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Pregnancy and Critical Care Medicine Part 1: Normal Physiologic Changes in Pregnancy
By Andrew M. Luks, MD, Pulmonary and Critical Care Medicine, University of Washington, Seattle, is Associate Editor for Critical Care Alert.
Dr. Luks reports no financial relationship to this field of study.
The overwhelming majority of women who go through pregnancy never require admission to the intensive care unit.1 There are circumstances, however, when these women do require the services of critical care practitioners because they develop respiratory failure, sepsis, or another pregnancy-related complication, or because they have an underlying medical condition, such as pulmonary hypertension, which requires a higher level of monitoring in the peripartum period. Such patients often pose great challenges for critical care practitioners. Due to the relatively low frequency with which they end up in the ICU, familiarity with the underlying physiology of pregnancy and the types of problems that can occur is lower than for other more common problems such as COPD exacerbations or septic shock. In addition, the fact that pregnant women have the potential for rapid clinical decline that puts them, as well as the fetus, at risk for bad outcomes creates an added level of stress that is not present in the care of many other patients.
This special feature is the first of a two-part series designed to reinforce knowledge about the underlying physiology of pregnancy and the major forms of critical illness that may be encountered in these patients. The important physiologic changes will be considered in detail in this issue, while respiratory failure and other forms of critical illness in pregnancy will be dealt with in a subsequent issue of the newsletter. This review will draw on information provided in several general reviews on these topics,2-5 and will cite these reviews rather than the large body of primary literature on these issues. The reader is encouraged to seek out these reviews and, in particular, the excellent, thorough review by Lapinksy and colleagues,2 for more detailed information on these issues.
"Normal" Physiology in the Pregnant Patient
Any critical care practitioner evaluating or managing a pregnant patient must understand the physiologic changes that occur across multiple organ systems over the course of pregnancy. Failure to do so can cause misinterpretation of clinical and laboratory data and lead to inappropriate management steps.
Significant changes occur in the circulatory system during pregnancy. Perhaps the most important of these is a nearly 40% increase in cardiac output and circulating blood volume.2 These changes, which start in the first trimester and peak in the third trimester, are generally well tolerated by most pregnant women, but can cause significant problems for those patients with stenotic valvular lesions or pulmonary hypertension (both known or previously unrecognized). Cardiac output increases even further during labor and delivery, when uterine contractions augment preload by as much as 300-500 mL, as well as immediately following delivery when "auto-transfusion" of uterine blood and release of vena caval compression lead to a significant increase in venous return.2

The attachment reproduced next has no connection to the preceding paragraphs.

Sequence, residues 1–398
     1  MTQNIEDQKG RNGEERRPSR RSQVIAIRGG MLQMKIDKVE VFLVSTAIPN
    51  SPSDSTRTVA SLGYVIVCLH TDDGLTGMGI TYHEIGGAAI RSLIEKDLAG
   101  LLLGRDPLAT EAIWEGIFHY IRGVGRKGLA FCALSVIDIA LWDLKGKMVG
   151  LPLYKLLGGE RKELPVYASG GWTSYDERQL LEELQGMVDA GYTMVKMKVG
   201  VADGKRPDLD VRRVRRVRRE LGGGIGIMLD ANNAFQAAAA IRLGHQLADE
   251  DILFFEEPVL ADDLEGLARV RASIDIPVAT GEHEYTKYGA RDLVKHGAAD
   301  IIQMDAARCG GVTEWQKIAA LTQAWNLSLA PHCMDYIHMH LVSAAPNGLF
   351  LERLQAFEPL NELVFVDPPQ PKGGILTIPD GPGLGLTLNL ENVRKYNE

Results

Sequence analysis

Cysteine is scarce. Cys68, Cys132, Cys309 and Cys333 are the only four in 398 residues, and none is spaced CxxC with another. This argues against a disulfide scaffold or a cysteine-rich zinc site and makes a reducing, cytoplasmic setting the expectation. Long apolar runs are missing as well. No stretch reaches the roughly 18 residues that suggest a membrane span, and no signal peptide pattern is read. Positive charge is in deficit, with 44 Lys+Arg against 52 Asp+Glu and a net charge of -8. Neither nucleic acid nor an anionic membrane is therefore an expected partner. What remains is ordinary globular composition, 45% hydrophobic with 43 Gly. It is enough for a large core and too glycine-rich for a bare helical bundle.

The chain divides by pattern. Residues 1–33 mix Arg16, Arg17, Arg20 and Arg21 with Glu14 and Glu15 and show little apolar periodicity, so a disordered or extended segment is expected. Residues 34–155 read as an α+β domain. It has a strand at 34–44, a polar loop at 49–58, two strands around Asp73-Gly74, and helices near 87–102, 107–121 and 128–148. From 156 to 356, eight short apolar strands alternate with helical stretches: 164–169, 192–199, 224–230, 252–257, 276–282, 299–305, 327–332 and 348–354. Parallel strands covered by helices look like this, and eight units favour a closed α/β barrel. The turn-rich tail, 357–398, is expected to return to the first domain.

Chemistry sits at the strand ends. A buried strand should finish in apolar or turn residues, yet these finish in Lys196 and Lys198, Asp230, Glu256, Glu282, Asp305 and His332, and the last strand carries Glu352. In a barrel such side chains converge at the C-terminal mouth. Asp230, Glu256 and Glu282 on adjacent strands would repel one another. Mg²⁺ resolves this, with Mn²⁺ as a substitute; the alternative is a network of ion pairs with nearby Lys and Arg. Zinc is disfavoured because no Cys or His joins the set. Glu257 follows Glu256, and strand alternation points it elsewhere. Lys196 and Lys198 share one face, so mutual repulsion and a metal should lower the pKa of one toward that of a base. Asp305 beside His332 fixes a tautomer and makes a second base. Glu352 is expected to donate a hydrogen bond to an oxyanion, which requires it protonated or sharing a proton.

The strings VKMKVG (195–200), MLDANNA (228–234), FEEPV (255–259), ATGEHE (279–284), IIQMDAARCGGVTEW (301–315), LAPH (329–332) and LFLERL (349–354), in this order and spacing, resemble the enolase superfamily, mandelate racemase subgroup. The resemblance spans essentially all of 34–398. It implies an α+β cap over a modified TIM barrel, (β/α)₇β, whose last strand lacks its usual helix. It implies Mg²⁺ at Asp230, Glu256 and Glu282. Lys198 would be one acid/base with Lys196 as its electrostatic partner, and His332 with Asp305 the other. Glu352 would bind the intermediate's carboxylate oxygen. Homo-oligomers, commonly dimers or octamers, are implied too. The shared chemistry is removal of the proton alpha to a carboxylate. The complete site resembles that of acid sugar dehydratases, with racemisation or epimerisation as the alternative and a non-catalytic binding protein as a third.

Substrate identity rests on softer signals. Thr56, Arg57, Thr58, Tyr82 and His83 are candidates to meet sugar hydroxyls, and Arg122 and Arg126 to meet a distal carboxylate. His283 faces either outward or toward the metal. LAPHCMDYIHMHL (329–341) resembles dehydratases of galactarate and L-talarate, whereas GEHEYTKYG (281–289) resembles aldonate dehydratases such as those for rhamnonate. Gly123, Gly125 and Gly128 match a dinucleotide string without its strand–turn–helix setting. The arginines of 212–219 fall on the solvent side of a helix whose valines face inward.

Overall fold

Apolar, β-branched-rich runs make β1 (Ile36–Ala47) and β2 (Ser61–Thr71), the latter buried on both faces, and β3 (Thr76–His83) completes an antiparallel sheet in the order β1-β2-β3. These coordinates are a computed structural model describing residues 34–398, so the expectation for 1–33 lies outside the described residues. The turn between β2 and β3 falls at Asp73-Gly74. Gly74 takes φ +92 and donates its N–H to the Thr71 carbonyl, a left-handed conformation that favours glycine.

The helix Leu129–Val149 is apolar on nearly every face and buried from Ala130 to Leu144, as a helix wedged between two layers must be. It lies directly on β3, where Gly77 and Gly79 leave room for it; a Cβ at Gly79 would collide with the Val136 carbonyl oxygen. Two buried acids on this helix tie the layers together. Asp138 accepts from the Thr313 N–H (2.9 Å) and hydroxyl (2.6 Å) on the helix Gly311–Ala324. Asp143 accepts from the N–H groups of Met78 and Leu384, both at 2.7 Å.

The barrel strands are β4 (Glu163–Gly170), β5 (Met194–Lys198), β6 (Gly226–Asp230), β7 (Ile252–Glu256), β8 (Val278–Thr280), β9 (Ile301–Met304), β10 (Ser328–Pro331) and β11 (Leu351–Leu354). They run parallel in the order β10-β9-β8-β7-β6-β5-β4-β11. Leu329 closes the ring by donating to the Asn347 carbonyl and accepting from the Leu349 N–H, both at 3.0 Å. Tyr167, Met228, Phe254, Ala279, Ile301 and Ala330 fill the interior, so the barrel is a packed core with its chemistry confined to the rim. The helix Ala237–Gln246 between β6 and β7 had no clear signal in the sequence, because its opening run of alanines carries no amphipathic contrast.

It is also important to remember that a substantial proportion of the increased cardiac output (~10%, or 500 mL/min) is being delivered to the gravid or postpartum uterus.2 As a result, any patients who experience uterine rupture, uterine atony, or retained placental fragments will be at risk for significant blood loss and hemodynamic instability. It also should be remembered that plasma volume and cardiac output will remain elevated for up to a few weeks following delivery as the patient mobilizes large amounts of extravascular fluid that accumulated over the course of pregnancy.
Uterine enlargement may have significant cardiovascular effects in the latter half of pregnancy. With placement in the supine position, the enlarged uterus compresses the inferior vena cava and significantly decreases venous return and, as a result, cardiac output.3 This phenomenon, referred to as the "supine hypotension syndrome" can be prevented by placing the patients in a lateral position with wedges or pillows under their buttocks and should always be considered during resuscitation of the pregnant patient with hemodynamic instability.3
Despite the increase in cardiac output noted above, systemic blood pressure usually decreases during pregnancy due to a fall in systemic vascular resistance. Both systolic and diastolic blood pressure fall, with greater decreases seen in the latter and a subsequent increase in pulse pressure.2,3 Systemic pressure will rise in the latter part of pregnancy, but should remain below pre-pregnancy values. As a result, the presence of a "normal" or mildly elevated blood pressure should alert the clinician to the possibility of pregnancy-induced hypertension and preeclampsia.
Colloid osmotic pressure is decreased in pregnancy, partly due to the decrease in serum albumin concentrations stemming from the expansion in plasma volume.3 This change puts pregnant women at risk for third-spacing of fluid, volume overload, and pulmonary edema in pathologic processes such as preeclampsia.